help with lighting

Discussion in 'Digital Photography' started by mikeeramones, Jul 7, 2008.

  1. mikeeramones macrumors newbie

    May 15, 2008
  2. TimJim macrumors 6502a

    May 15, 2007
    Your link just redirects me to

    Bouncing the flash is when you point the flash unit at the floor/ceiling/wall and bounce the light from the flash onto the subject.
  3. anubis macrumors 6502a

    Feb 7, 2003
    Bouncing flash means using a flash unit like the Canon 430 speedlite. Flash units like that have a swivel head that you can use to project the flash onto a large wall or ceiling, which results in a more extended light source for more natural looking photos.

    This is covered in any digital photography how-to book. Try visiting a local library or bookstore and pick up a book or two on digital photography. Good luck!
  4. ChrisA macrumors G4

    Jan 5, 2006
    Redondo Beach, California
    It's one of those things that is easy to understand but hard to master. "bounce" is easy. Youi aim the light at some large flat object like a wall or ceiling and then it is is that wall or ceiling that iluminates the subject.

    The general principe is that physically large light sources are "soft". Clouds on an overcast day are "large" as are walls and ceilings. The little light built into a compact camera is "small" and makes a very "un-soft" light. Use soft light to avoid that effect you describe. When a flash is aimed at a wall the size of the light source is the size of the bright spot on the wall.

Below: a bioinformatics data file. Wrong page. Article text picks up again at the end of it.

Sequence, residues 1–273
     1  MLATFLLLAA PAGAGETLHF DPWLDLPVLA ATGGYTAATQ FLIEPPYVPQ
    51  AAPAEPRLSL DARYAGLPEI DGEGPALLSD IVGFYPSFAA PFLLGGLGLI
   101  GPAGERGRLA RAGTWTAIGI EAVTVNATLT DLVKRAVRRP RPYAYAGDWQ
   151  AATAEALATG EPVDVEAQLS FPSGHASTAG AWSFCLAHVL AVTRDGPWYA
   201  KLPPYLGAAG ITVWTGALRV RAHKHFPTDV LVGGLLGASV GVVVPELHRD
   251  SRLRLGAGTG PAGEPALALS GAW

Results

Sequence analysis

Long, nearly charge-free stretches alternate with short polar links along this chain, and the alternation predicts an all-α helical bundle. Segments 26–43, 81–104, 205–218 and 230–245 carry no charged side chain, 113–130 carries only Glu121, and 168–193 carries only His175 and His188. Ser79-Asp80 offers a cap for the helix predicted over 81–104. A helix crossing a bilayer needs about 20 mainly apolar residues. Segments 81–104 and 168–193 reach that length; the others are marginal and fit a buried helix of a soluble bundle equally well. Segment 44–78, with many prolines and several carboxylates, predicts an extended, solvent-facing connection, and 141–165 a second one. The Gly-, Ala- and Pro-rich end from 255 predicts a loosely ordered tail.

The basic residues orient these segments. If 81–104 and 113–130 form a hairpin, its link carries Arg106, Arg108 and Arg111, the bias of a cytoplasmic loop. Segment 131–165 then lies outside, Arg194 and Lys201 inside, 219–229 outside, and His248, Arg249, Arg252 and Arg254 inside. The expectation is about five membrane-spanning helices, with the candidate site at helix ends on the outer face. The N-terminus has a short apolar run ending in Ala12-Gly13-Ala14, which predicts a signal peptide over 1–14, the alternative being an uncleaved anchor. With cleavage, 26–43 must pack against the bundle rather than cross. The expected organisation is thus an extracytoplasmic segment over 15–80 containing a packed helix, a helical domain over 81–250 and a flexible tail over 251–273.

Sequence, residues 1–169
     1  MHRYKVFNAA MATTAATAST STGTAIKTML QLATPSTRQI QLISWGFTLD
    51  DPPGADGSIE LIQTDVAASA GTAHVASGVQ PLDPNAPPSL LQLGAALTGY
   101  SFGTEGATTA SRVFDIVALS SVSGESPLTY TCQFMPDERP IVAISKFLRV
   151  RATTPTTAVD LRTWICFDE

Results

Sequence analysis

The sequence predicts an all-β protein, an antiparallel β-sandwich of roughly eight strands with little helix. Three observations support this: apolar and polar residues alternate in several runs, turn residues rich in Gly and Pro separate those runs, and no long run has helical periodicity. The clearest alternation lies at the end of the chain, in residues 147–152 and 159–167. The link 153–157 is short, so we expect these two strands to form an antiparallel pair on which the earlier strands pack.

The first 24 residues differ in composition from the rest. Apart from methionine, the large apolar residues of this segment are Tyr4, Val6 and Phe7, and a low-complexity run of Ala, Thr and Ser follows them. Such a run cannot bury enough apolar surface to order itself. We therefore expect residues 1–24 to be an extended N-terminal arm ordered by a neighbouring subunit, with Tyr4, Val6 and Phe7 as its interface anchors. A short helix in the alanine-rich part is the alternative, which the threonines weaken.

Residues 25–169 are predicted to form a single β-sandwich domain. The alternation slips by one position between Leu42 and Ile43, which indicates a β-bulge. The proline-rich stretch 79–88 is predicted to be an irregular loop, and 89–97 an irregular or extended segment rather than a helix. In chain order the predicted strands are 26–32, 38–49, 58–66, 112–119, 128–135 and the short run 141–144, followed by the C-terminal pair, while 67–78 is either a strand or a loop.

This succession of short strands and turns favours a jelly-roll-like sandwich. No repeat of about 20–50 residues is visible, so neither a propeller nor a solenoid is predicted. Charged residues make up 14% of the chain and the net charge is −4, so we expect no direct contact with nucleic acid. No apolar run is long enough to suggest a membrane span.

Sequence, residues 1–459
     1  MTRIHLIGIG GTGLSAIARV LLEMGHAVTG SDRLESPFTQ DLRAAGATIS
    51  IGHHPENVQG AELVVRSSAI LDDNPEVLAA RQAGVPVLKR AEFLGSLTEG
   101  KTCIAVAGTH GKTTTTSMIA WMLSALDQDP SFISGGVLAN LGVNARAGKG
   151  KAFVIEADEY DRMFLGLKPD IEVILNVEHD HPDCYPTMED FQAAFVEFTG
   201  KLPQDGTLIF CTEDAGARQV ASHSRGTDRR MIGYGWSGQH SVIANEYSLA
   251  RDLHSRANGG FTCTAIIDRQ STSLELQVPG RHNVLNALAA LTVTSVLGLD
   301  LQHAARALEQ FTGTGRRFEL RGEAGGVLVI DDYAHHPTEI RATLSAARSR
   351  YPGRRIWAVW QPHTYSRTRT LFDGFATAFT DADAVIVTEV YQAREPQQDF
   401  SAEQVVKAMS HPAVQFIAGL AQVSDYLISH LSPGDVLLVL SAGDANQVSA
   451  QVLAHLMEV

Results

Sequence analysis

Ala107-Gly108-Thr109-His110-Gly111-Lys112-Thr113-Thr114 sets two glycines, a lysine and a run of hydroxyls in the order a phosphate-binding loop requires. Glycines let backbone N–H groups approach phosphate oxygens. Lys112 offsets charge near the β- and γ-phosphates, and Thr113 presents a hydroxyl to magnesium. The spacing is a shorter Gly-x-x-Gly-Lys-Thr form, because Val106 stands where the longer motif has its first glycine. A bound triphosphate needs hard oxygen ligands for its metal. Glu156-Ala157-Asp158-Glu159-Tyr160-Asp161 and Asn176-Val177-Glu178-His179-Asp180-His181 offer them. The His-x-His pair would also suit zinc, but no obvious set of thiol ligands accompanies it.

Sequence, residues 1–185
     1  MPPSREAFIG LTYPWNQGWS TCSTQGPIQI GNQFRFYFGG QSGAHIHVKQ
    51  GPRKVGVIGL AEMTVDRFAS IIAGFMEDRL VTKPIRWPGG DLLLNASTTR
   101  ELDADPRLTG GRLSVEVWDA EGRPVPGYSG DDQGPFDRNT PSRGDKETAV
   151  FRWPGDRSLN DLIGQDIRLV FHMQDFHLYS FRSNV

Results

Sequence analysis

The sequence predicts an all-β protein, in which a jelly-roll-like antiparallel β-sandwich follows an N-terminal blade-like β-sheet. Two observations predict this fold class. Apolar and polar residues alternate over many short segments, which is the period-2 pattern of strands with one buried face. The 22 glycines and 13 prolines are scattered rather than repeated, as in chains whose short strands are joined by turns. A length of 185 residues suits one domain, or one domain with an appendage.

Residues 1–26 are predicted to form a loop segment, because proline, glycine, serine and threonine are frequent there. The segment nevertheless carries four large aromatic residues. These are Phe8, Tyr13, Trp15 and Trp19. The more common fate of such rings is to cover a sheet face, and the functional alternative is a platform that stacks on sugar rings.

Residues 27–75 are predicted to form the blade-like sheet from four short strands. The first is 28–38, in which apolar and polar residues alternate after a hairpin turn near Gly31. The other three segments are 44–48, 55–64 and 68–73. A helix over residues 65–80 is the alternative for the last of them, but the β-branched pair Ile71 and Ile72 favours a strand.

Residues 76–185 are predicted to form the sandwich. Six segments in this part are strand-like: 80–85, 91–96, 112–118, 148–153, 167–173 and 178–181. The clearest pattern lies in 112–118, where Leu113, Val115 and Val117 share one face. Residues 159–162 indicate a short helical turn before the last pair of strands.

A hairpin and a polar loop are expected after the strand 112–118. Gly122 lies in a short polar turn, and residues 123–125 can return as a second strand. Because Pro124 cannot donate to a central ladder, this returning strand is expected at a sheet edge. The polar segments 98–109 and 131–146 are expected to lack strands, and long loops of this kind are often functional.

The other qualities of light are direction and fill ratio. Learn to control softness, direction and ratio and then you have it. After that you will know the technology and "only" have the art left to master.

    It is easy to find books on portrait lighting at Amazon or a library. Even very old books from the black and white film era are still good. Look at art books that predeate photography. Rembrandt was as master of lighting. Look at his paintings. You will see that he use large light sources (like windows) and a horizontal light direction
  5. compuwar macrumors 601


    Oct 5, 2006
    Northern/Central VA
    To get rid of red-eye, you simply need the flash away from the lens axis, a device called a "flash bracket" is usually used for this purpose. For good flash, you need to diffuse the light, bouncing off a low ceiling or bounce card or putting it through some kind of diffuser are all popular methods. Google "Better Bounce Card" for a cheap/effective device.

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